A workforce that is engaged, diverse and inclusive can build a strong work culture that drives innovation and offers major bottom-line benefits, Romila Singh, a noted University of Wisconsin-Milwaukee organizational behavior and strategic management researcher, told attendees Aug. 26 at the Groundbreaking Women in Construction conference. The event, sponsored by ENR in partnership with construction law firm Peckar & Abramson, attracted about 1,000 construction professionals.
Diving deeper into data and lived experiences, Singh said that engagement is neither static nor tied solely to the nature of a job.
Gallup polls showing historic levels of employee engagement in May, followed by a historic low in June, and another historic high in July, demonstrate that “this is not something that is constant,” said Singh, associate professor at the school.
“What happens in our workplaces is affected by what happens in the larger society,” she added, pointing to “upheaval caused by the movement for racial justice” as the reason for the drop in June. “Organizations are not immune,” said Singh. “As [they] begin to address that, you can see the changes in the employee engagement numbers.”
Low engagement, as well as a large number of actively unengaged employees, can have significant impact on an organization’s culture and fortunes. “Actively unengaged employees aren’t just unhappy at work,” she said. “They’re resentful. They are acting out.”
Unengaged workers cost U.S. companies between $483 billion and $605 billion each year, according to a 2017 Gallup report of the state of the American workforce. “What’s more, their behavior can influence the behavior of those near them, passing on a contagion of disenchantment, disengagement, toxicity,” Singh said.
While Singh said engaged employees offer an appealing picture of optimistic team players eager to learn, surpass expectations, and give credit and accept blame when warranted, employers need to be attuned to a hidden danger. “You can have employees who are engaged and highly satisfied with the work, but also burned out,” she said.
The coronavirus pandemic can exacerbate the problem. “You cannot operate in separate dimensions.” said Singh. “You have to address both engagement and burnout.”
In her own studies of workplace engagement–in joint research with Nadya Fouad, faculty member at UW Milwaukee in the counseling psychology area of the Dept. of Educational Psychology–Singh focused specifically on retention of engineers in a survey that analyzed responses from over 1,100 practitioners to determine factors that influence lack of engagement.
“The profile that emerges from all this data is that men are marginally but statistically significantly more engaged, more empowered, satisfied with their jobs and their careers,” and less likely to leave, said Singh. “They also express being more psychologically safe and [have] fewer experiences of undermining than their female counterparts.”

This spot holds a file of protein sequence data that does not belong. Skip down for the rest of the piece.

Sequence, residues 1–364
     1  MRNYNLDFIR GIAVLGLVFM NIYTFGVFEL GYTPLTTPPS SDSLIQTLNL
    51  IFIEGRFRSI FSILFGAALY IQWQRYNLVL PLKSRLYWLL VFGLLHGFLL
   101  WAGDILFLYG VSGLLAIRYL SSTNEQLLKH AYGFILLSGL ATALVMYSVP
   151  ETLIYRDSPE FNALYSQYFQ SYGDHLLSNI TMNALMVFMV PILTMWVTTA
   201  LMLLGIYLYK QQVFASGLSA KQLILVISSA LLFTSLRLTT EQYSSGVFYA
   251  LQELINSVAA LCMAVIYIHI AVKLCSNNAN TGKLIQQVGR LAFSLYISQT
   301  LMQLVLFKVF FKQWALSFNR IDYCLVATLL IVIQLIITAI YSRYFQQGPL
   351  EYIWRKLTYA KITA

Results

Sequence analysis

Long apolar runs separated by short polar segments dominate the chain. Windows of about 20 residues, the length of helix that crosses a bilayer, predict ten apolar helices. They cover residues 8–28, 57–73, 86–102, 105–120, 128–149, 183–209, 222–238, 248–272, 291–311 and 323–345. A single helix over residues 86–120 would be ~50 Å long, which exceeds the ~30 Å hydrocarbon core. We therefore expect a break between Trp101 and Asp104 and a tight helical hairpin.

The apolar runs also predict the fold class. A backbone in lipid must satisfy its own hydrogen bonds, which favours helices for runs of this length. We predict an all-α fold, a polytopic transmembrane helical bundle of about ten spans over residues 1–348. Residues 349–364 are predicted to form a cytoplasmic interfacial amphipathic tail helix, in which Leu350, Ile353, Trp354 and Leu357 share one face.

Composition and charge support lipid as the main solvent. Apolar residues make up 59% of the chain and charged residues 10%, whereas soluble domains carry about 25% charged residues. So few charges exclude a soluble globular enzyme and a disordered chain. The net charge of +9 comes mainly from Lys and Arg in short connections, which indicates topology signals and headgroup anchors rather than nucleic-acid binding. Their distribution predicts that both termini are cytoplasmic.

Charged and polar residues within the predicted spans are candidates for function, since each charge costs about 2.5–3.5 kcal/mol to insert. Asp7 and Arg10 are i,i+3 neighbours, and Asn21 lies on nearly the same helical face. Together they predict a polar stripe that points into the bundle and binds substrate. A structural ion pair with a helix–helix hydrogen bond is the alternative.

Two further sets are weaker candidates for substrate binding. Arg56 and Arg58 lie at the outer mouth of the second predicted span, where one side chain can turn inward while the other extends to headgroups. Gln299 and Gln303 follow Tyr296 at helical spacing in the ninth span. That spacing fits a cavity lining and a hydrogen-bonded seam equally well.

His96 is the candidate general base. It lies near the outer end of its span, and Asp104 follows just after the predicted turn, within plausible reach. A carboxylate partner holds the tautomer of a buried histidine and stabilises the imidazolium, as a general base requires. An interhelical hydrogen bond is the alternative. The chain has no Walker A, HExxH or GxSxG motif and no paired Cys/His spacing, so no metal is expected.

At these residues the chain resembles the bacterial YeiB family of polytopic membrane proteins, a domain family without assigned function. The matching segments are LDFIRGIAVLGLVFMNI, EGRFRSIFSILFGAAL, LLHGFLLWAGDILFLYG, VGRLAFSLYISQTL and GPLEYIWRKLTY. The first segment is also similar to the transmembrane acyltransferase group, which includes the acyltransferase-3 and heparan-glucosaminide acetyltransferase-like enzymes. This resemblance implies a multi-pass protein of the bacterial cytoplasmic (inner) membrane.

For Singh, an effective way to promote empowerment is to address both structural and psychological conditions so that employees “feel a sense of ownership” as well as meaning, belonging, and competence, said Singh. Focus on work tasks leads to increased employee job satisfaction, lowered attrition and improved performance.
These factors also influence how and whether innovation occurs in a modern workplace. No longer embodied by a “lone genius toiling away,” innovation today requires a team effort and is “driven by diversity,” said Singh.
According to the researcher, this type of diversity needs to go beyond mere representation.
“Diversity and inclusion without belongingness means nothing,” said Singh.She pointed to a Deloitte survey of almost 9,000 business leaders in which 93% said a sense of belonging drives organizational performance and reduces turnover and employee sick days.
Conversely, “one single incidence of micro-exclusion can immediately drive down your performance by 25% on a team project.” she said.
Threading those components together requires “psychological safety as the scaffolding to make it happen” at the team level and the larger organizational level, said Singh. “For it to manifest across the company you need to change the culture.”
Stressing the importance of culture as a retention tool, Singh pointed to a 2017 survey of construction professionals that showed culture was the most-cited reason for those considering leaving their positions.
“If you fail to harness the culture around innovation, around productivity and around psychological safety, you will not be successful in any of your business outcomes,” she said.